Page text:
I love first time entrepreneurs. I think there’s a difference between a first time entrepreneur who’s taking outside capital and one that’s bootstrapped. I love both by the way. One of the things that I’ll use to assess a first time entrepreneur is, and you hit on this bill, is show me in your history, in your experience, in your background, where you are gritty and you are resilient. It can be a paper route when you were 10 years old, but that’s what, and by the way, this isn’t just for entrepreneurs. This is in interviews when you’re trying to get jobs, you’re trying to get on a fundraising committee or your kid’s PTO, whatever it is, and you will learn some of this at du, but you will also learn it out in the working world. What you’re trying to do is you’re trying to bet on people who step into their work life in the same authentic way that they do there, kind of normal out in the wildlife. 


You want the people who are wired the same way they’re going to, especially with entrepreneurs, they’re going to run through that brick wall because it is in their DNA to do it. And so when you have a first time entrepreneur where you can’t point to a 10 x exit that they’ve, and a lot of the times those are the folks we’re talking to because once you’ve got a couple exits under your belt, you’re talking to Sequoia and some of our friends on the coasts. So I’m looking to where you in your personal life, outside of your entrepreneurial journey, show grittiness, resilience, working with people, building teams, whatever is really relevant. But first and foremost, it’s how you are wired as a human being to be gritty and resilient and graceful. And you’re someone that I want to get in the trenches with and you’re going to inspire me to keep fighting the battle with you. 

Bill Powell (24:14): 

Yeah, right? I mean, how many times have you made an investment because it was the people, and maybe the problem was important too, but it’s really people and you’re like, you know what? These people, they’re going to do something and I want to support them. And you might even tell them when you’re writing that check, I’m supporting you now and I’ll support you in the future. And I think that’s what people forget about is that that’s a real opportunity. You’d be surprised how many times you end up reinvesting in somebody, even if they’ve only had marginal success seemingly. 

Joshua Ross (24:46): 

This may dovetail onto what you just talked about about teams and people, but what differentiates success or failure for startups that you’ve invested in? Because I’ve seen some startups that have had success and I see that the founding team and I’m like, really? They were successful? But it happens. 

Bill Powell (25:04): 

I tell you what most failures I see at the early stage, there’s two kinds. Then one makes sense to me and the other one still never will ever make sense to me. The first is we took a little money, but we proved that this doesn’t work. And gosh, we shouldn’t be doing this. Sorry, we’re going to shut this down. It’s a rare opportunity where you see founders who have that much self-awareness as a team or as individuals. It’s really hard. It’s really hard. You hung yourself out there and be like, oh my gosh, this is completely wrong and I’m at the wrong person, and we’re not the right people solving or working on the right problem, and that’s admirable. When I see that work out, I’ve seen people give money back and then it’s amazing. That’s a lot of self-awareness. And I think where I see a failure on that side, because I think that’s actually a success if you’re going to fail, fail quickly and fail forward and own it.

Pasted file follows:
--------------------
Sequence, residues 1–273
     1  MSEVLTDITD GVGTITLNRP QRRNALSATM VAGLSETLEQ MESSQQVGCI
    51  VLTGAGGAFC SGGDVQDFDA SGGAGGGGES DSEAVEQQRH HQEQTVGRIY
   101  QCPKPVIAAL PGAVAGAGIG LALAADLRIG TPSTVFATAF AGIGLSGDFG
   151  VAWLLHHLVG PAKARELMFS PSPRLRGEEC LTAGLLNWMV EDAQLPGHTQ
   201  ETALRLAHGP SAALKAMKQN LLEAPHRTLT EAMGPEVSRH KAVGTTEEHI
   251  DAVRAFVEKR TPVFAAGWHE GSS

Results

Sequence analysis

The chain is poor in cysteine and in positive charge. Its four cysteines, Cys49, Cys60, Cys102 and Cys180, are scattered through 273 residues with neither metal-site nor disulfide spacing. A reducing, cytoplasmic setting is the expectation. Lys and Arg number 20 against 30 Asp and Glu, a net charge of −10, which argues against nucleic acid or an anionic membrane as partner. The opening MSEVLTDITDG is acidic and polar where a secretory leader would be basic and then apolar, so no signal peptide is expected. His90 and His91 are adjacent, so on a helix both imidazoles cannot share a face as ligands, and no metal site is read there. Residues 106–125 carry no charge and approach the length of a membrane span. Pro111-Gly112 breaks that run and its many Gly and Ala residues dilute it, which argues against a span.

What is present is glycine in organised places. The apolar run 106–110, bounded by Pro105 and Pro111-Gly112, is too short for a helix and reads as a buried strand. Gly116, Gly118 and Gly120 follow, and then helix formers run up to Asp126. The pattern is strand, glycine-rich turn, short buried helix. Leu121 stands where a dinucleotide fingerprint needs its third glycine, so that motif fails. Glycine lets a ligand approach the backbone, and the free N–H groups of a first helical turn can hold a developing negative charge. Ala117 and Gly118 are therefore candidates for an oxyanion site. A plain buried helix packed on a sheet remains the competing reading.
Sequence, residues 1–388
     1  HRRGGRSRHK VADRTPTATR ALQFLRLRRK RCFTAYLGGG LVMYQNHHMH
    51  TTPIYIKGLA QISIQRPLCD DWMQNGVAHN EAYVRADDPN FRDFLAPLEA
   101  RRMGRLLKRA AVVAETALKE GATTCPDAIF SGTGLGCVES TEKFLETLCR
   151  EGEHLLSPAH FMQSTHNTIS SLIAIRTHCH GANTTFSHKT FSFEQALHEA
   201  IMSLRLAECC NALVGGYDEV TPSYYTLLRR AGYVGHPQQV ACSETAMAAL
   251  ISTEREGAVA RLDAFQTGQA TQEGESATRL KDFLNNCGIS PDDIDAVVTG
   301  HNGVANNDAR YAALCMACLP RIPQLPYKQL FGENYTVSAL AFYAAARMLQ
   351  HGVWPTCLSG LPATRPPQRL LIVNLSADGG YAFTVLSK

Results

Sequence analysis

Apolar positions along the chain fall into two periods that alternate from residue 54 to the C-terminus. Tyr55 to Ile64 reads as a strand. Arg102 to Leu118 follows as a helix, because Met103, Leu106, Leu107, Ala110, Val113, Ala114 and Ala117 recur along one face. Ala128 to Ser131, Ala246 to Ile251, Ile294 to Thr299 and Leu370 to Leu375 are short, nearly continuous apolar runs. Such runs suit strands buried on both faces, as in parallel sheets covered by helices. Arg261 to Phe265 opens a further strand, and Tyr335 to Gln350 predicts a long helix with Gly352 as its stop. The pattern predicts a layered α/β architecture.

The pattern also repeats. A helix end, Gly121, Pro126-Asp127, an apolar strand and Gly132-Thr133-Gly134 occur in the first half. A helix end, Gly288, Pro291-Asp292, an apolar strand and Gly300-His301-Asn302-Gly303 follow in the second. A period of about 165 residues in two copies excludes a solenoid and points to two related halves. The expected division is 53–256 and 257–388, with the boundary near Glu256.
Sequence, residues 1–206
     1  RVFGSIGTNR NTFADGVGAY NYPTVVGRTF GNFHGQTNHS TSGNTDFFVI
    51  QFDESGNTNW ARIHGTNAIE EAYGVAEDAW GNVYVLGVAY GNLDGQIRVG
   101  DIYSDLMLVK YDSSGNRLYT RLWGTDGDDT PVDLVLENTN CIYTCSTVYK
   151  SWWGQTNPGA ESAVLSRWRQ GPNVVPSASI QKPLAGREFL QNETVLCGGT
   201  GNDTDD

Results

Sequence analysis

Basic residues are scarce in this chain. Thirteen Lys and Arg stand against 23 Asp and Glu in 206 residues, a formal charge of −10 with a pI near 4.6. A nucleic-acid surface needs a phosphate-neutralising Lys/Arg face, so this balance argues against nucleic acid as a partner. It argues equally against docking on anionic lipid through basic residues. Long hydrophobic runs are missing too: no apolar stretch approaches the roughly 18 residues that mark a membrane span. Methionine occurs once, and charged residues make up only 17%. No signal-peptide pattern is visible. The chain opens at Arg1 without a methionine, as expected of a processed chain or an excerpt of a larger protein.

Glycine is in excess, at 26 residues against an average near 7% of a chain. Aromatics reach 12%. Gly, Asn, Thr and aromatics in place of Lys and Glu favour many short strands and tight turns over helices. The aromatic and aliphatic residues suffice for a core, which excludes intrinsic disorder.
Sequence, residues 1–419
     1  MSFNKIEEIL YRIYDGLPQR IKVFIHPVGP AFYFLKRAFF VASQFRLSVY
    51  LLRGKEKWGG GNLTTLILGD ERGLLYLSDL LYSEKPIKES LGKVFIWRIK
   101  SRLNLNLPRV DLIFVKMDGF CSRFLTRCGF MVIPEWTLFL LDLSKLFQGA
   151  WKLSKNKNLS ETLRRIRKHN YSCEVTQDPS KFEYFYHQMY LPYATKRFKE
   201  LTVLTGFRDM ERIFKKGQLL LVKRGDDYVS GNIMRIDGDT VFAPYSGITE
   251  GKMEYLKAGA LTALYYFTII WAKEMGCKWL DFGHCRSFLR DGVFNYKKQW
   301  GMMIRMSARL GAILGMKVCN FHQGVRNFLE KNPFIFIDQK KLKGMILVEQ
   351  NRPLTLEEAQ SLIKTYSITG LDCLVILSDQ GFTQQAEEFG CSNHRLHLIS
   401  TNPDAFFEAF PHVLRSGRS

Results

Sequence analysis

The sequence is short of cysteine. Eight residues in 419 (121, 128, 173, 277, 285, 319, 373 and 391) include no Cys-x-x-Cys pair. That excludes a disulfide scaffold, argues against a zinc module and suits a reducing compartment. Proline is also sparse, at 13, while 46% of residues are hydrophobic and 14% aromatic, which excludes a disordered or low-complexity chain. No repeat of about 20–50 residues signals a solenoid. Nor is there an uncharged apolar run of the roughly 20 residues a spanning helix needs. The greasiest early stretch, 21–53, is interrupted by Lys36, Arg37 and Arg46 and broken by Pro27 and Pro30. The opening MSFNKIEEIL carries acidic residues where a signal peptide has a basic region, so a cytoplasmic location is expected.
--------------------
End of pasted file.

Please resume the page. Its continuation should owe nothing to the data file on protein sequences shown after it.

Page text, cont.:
When I see some companies that create some of that early traction that we spoke about between a pre-seed seed and you’re heading to an A round and then suddenly you have people who are fighting over equity and what You didn’t do your part, I did more than you. Well, I did at least 2% more, right? And then suddenly you see a breakdown in the ownership structure and these teams suddenly can’t go forward. And it’s usually driven by greed or too much. And sometimes you can resolve these things. Sometimes that’s actually an indication that you’re actually heading in the right direction and a founder or something like that can occur and it’s like, okay, yes, I’m getting the right people, doing the right collaborating on the right problems. But that’s a very fine line between success and failure at the early stage. One costs more capital, another less probably. 

Caroline Gash(26:54): 

So I think we can all define success for ourselves, but I think to be highly successful, you need three ingredients. You have to have a certain level of intellect. You have to be exceedingly hardworking. And then you have to have this third thing that none of us are in control of, which is you have to get lucky. And a lot about getting lucky is serendipity. Who you meet, who run into, that’s why you should continue to network. And a lot of that is timing. We are totally, we do not control the timing. That’s why having investors who are going to continue to help you capitalize your business can be really helpful. Sometimes you just need to hang on long enough to get lucky that because double-edged swords Sometimes. I would argue that when you look at some of these highly successful entrepreneurs and you go, really that person that maybe luck was more than 33% in their instance, it’s the one thing you can’t control.